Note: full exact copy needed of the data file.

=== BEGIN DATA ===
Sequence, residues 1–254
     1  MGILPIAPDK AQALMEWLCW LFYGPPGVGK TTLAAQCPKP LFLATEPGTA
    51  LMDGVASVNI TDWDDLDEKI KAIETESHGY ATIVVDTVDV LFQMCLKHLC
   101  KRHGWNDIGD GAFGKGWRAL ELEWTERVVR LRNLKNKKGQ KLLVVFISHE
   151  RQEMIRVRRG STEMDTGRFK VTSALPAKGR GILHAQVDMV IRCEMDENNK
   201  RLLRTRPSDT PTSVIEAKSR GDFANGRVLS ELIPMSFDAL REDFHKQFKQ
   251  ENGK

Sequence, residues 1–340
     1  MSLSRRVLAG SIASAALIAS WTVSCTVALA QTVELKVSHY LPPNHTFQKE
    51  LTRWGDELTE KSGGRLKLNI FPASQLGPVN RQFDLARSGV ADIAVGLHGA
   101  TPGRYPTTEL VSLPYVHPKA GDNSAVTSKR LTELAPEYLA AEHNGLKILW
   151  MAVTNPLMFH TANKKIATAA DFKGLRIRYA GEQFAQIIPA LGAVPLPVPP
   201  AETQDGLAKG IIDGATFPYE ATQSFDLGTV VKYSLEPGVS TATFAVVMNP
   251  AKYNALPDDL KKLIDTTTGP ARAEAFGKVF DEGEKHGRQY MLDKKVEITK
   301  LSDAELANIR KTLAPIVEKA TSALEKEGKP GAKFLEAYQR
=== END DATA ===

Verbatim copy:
Sequence, residues 1–254
     1  MGILPIAPDK AQALMEWLCW LFYGPPGVGK TTLAAQCPKP LFLATEPGTA
    51  LMDGVASVNI TDWDDLDEKI KAIETESHGY ATIVVDTVDV LFQMCLKHLC
   101  KRHGWNDIGD GAFGKGWRAL ELEWTERVVR LRNLKNKKGQ KLLVVFISHE
   151  RQEMIRVRRG STEMDTGRFK VTSALPAKGR GILHAQVDMV IRCEMDENNK
   201  RLLRTRPSDT PTSVIEAKSR GDFANGRVLS ELIPMSFDAL REDFHKQFKQ
   251  ENGK

Sequence, residues 1–340
     1  MSLSRRVLAG SIASAALIAS WTVSCTVALA QTVELKVSHY LPPNHTFQKE
    51  LTRWGDELTE KSGGRLKLNI FPASQLGPVN RQFDLARSGV ADIAVGLHGA
   101  TPGRYPTTEL VSLPYVHPKA GDNSAVTSKR LTELAPEYLA AEHNGLKILW
   151  MAVTNPLMFH TANKKIATAA DFKGLRIRYA GEQFAQIIPA LGAVPLPVPP
   201  AETQDGLAKG IIDGATFPYE ATQSFDLGTV VKYSLEPGVS TATFAVVMNP
   251  AKYNALPDDL KKLIDTTTGP ARAEAFGKVF DEGEKHGRQY MLDKKVEITK
   301  LSDAELANIR KTLAPIVEKA TSALEKEGKP GAKFLEAYQR